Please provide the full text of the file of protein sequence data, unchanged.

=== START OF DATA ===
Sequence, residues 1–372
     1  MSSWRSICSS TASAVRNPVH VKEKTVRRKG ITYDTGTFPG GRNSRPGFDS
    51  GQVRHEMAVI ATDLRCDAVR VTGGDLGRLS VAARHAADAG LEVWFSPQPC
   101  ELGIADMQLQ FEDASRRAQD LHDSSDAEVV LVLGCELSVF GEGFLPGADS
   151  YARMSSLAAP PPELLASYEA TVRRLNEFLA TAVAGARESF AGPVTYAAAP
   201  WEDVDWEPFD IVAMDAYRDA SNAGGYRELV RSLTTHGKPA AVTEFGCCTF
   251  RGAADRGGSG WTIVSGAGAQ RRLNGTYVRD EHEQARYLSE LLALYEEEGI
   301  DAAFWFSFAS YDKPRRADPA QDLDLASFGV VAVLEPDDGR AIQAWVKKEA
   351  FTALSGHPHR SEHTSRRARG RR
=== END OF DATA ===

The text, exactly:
Sequence, residues 1–372
     1  MSSWRSICSS TASAVRNPVH VKEKTVRRKG ITYDTGTFPG GRNSRPGFDS
    51  GQVRHEMAVI ATDLRCDAVR VTGGDLGRLS VAARHAADAG LEVWFSPQPC
   101  ELGIADMQLQ FEDASRRAQD LHDSSDAEVV LVLGCELSVF GEGFLPGADS
   151  YARMSSLAAP PPELLASYEA TVRRLNEFLA TAVAGARESF AGPVTYAAAP
   201  WEDVDWEPFD IVAMDAYRDA SNAGGYRELV RSLTTHGKPA AVTEFGCCTF
   251  RGAADRGGSG WTIVSGAGAQ RRLNGTYVRD EHEQARYLSE LLALYEEEGI
   301  DAAFWFSFAS YDKPRRADPA QDLDLASFGV VAVLEPDDGR AIQAWVKKEA
   351  FTALSGHPHR SEHTSRRARG RR